Wednesday, October 7, 2009

College Reading

Do the famous quotations, “Carpe Diem” and “O captain, my captain” take you beyond their literary references and straight to Dead Poets’ Society? Does the phrase “In omnia paratus” instantly conjure images of Gilmore Girls’ Rory and Logan, dressed to the nines and jumping from a scaffold with parasols?

The commonality here is the atmosphere of the boarding, or super elite, school, as well as the secret group that unites people together in excitement and enjoyment of life. These are merely the screen references that kept running through my head while reading The Disreputable History of Frankie Landau-Banks; the books are coming below.

In E. Lockhart’s wonderfully clever YA novel, Frankie is a sophomore at a prestigious prep boarding school in Massachusetts. For most of her life Frankie, so named for the son her father wanted, has been overlooked or dismissed as just a pretty girl: kind of scrawny, not too smart, and altogether unremarkable. Now, however, she’s filled out, she’s realized that she’s actually pretty damn smart, and possibly a whole lot more trouble and diabolically creative than her male counterparts. So she infiltrates their secret society, stages elaborately conceived pranks, and proves to the boys that they never should have underestimated her.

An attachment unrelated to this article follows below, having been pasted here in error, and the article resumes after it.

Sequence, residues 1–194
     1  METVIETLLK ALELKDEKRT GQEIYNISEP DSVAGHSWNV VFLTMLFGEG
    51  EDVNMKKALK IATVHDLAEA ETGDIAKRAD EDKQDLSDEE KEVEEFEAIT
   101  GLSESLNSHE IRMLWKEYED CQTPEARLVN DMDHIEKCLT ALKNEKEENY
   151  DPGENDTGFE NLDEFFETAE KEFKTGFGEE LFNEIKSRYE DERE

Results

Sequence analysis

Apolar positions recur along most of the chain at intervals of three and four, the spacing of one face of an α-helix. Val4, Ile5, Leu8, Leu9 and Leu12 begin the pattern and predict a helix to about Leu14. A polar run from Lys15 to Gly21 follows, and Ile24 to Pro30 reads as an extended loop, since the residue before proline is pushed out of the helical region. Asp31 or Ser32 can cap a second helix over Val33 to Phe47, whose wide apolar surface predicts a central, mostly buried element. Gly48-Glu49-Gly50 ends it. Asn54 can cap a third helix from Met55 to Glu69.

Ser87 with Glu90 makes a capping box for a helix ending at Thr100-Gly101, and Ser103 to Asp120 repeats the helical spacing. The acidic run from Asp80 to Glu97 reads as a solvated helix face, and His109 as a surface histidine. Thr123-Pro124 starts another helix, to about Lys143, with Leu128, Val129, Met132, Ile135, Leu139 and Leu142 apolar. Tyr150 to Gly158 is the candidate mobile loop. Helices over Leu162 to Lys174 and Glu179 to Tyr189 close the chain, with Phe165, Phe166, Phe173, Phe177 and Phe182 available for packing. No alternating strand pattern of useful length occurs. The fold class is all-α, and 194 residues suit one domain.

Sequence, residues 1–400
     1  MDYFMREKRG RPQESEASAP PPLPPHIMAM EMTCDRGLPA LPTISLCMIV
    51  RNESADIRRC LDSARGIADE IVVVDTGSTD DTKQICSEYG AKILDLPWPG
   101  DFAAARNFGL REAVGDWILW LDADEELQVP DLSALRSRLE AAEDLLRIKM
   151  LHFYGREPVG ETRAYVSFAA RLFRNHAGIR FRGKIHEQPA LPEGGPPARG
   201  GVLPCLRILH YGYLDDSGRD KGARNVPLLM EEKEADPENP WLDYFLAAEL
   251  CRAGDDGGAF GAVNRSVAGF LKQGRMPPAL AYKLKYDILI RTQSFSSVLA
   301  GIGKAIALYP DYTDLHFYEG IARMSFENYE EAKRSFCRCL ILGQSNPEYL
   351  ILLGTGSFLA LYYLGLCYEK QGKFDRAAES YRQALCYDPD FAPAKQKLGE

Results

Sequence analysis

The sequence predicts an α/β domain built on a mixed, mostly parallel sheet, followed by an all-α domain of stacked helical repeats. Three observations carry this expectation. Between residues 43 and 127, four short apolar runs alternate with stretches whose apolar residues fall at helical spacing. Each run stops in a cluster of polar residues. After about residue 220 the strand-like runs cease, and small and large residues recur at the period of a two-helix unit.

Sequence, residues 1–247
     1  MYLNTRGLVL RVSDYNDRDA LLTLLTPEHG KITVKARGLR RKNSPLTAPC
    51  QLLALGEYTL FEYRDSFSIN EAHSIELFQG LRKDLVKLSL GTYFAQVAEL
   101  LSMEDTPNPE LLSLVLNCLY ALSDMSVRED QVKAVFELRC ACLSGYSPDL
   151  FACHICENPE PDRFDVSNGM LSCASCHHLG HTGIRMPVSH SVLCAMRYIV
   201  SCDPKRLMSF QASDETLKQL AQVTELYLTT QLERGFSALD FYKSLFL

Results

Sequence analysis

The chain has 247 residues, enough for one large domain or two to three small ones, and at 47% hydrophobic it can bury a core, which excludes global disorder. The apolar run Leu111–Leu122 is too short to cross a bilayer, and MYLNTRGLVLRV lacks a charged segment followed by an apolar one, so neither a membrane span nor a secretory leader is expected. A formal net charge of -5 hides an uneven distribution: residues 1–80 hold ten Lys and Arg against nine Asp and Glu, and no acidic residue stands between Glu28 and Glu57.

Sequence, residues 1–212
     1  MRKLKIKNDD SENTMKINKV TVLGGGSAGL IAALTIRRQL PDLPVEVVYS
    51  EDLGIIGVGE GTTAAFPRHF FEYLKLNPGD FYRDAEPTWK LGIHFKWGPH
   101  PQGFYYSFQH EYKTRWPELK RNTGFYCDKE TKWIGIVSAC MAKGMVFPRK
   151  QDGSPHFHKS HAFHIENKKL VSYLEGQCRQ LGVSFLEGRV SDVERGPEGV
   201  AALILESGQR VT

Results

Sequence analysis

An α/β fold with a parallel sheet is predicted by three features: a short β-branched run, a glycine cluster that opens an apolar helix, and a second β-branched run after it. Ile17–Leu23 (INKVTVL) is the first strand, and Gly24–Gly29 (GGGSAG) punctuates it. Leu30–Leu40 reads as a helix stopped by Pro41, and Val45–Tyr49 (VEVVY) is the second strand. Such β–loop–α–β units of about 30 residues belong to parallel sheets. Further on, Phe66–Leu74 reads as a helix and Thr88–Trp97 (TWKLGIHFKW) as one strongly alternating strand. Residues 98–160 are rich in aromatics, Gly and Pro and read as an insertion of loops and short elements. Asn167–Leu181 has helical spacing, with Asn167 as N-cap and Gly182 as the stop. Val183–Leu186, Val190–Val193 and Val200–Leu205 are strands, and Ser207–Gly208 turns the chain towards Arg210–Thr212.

The setting, the mood, the strong characters, and the intelligent writing and storytelling are reminding me of a few other titles.

I think it’s primarily the school setting, but also the humour and the feminism that remind me strongly of my favourite John Irving title, The World According to Garp. There are also setting and thematic similarities to Zadie Smith’s On Beauty, especially in terms of the intellectualism and activism of some of the characters. Frankie’s intelligence, tenacity, and spirit also remind me very much of the young heroine of The Sweetness at the Bottom of the Pie.

Most strikingly, I think The Disreputable History has much in common with Special Topics in Calamity Physics by Marisha Pessl. In the latter, Blue van Meer, the daughter of a college professor, is incredibly literate and practically has the vocabulary of a dictionary. She falls into a friendship with an eccentric and secretive group of students and participates in their daring lifestyle until the stakes become too high. What starts off as a tour of classic literature and the life and times of students at an exclusive school becomes a twisty turny mystery as well as a coming of age story for Blue.

Both Lockhart and Pessl have created collegiate worlds filled with interesting and complex characters who engage in thrilling and daredevil escapades that might be fun but most of us are probably much better off reading about than actually doing ourselves.

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